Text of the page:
PRINT November 2005


Wolfgang Tillmans and Isa Genzken, Berlin, 2005.

Isa Genzken: I can give you a little tour of my studio. This is a piece for which I finally found a title today. It’s called Kinder filmen [Children Who Film]. I find it’s a beautiful title.

Wolfgang Tillmans: That’s what it looks like, children filming.

IG: [Laughs.] This one of the dolls is new, too.

WT: Is that one a dog?

IG: No, it’s actually a little bear. But the ears are no longer there, and that’s why one doesn’t quite know what it is. The children have wreaked some havoc—they’re romping. [Laughter.]

WT: You suggest that they’re just playing, but do you also see that they’re somehow a bit shocking? They look a little dead.

IG: You think dead, already? No. I mean, if one can hold oneself in that position, then one isn’t dead. When one is dead, one is somewhere. . . . I see my work at the moment—as opposed to in the past—as having something to do with the innermost more than something to do with the exterior. One can always explain the exterior. But the inner side one finds difficult to explain. And these sculptures have more to do with the inner view.

WT: Yes.

Isa Genzken, Empire/Vampire III (detail), 2004, plastic, lacquer, metal, fabric, grains, and wood, 70 27/32 x 27 1/2 x 17 7/10". From the series “Empire/ Vampire, Who Kills Death,” 2003– 2004.

IG: Do you understand? I see the children as if they just had to do something, as if they had to play twisted. I don’t approach it so formally, in the sense of, “This is the mother and this the little child.” Rather, it’s more like a feeling that I have for children, for their craziness. But the inner one, not the learned one. Do you know what I’m talking about?

WT: Yes, sure.

IG: That’s why the formal in my more recent works is daring in a way because there is little to hold on to, little one can tie things to, except for a sense I have when I am actually engaged in the process of construction and things come together. Yet works like the “Empire/Vampire” sculptures [2003–2004] still came from an aesthetic stance that I’ve had for thirty years, a stance I continue to develop. The intention is to get a different reaction from the “already known.” I can’t explain it any other way.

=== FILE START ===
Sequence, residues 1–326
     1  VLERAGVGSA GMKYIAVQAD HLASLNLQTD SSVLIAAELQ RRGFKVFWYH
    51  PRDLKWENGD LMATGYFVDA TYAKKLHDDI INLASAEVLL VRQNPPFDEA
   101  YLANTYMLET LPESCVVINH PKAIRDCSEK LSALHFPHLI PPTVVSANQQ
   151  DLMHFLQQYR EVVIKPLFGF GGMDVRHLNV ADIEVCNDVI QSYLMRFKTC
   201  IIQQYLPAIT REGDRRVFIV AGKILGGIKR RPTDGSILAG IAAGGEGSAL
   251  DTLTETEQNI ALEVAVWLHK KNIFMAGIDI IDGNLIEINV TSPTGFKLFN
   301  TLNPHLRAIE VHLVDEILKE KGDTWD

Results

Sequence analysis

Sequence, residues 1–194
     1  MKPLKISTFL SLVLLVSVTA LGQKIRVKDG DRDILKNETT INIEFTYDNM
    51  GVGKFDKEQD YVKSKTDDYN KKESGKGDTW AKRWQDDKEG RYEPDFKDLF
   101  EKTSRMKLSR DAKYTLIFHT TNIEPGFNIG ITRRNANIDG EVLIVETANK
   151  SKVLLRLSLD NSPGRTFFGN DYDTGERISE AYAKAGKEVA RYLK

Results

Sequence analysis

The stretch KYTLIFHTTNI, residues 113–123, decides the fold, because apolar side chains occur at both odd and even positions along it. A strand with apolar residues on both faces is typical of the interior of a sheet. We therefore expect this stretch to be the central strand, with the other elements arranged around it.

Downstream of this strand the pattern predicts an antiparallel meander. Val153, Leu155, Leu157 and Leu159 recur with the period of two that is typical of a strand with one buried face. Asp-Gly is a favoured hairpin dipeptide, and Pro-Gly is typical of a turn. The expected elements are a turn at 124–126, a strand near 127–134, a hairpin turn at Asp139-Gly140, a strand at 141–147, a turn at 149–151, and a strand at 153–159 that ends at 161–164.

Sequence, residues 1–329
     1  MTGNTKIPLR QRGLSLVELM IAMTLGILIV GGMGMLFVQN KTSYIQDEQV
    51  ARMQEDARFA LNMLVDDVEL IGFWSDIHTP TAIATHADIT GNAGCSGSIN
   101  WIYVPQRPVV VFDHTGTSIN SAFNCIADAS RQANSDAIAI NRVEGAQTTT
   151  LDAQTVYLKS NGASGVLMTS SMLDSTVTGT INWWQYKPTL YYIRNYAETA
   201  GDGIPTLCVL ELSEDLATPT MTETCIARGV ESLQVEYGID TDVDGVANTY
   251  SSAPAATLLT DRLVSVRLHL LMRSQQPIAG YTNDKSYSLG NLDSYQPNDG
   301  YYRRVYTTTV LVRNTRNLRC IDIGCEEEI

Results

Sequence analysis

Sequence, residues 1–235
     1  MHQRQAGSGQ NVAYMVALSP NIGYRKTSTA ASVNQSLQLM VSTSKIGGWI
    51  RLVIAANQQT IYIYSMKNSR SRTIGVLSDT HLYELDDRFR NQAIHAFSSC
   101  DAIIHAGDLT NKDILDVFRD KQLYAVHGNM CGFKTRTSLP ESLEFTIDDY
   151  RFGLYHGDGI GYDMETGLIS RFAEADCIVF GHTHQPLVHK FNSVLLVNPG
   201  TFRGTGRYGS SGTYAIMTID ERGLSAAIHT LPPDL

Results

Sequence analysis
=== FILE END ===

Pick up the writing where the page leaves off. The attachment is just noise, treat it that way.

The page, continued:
WT: You’ve always got to allow yourself a new way of accessing your own work. When you’re not working with a formula, ideas have to find their own way and take their own time to surface.

IG: There is nothing worse in art than, “You see it and you know it.” Many artists seem to work from a theory that they invent, so to speak, and which accompanies them through life, a theory they never deviate from. That’s a certainty I don’t like. After all, art is often on the edge in the sense that in one moment it seems really very close, and the next moment you find it doesn’t. You can see this quality in the artists I love: Mondrian, Ellsworth Kelly, and Carl Andre. I always ask myself, “Who did you love when you were young?” Michael Asher, Lawrence Weiner, Dan Graham, Andre—almost only Americans. And then I ask, “As you got a little older, who did you love then?” Wolfgang Tillmans and Kai Althoff—that’s it. And I find that a little comforting. There are hundreds of different approaches, and you have to engage with all of them in some way and ask yourself, “Is there something to it?” You have to always keep your eyes open because the art world is not a department store. It’s not that you just see a trifle here or there.

Detail of unfinished sculpture in Isa Genzken’s studio, Berlin, 2005. Photo: Wolfgang Tillmans.

WT: I have a hard, judging gaze, but I also have a benign one. That comes from a feeling that these are all people who do their best. I was very impressed by a statement Andy Warhol made in an interview I read in the ’80s. He was asked, “Why do you always say everything is great?” Warhol said, “Because life is hard. Everything is hard. Baking a cake is hard.” And this feeling that everything is really difficult gives me a point of access, in the sense of a basic respect and appreciation. You can’t go around thinking everything’s crap.

IG: NO! That’s not at all how I mean it. Well, there are hundreds of artists, and when you open an art journal, you see this and that, and this sells well and that, too. In order to get out of the confusion of all that’s on offer, I ask, “What do I enjoy the most aesthetically? What can I get the most out of?” The others all rob me of energy because they do something that I don’t understand. That’s not arrogance on my part—it’s self-preservation.

WT: Yes, everybody wants full attention, but you only have a certain amount to give, and you have to be careful with it. We could probably like a lot more things if we would let them get to us in a different way. But, for example, the works of the youngest generation today have a different syntax because they come from a different context, and we can’t decode the syntax so easily anymore. A relative appreciation of all sorts of things outside of your generation is much more difficult because you have to confront so many new and different strategies. A lot falls through the net when you look at it.

IG: But I’m not an art historian. That’s the freedom I have as an artist. Yet you have to get a lot of new visual impressions, again and again. Otherwise you get completely limited.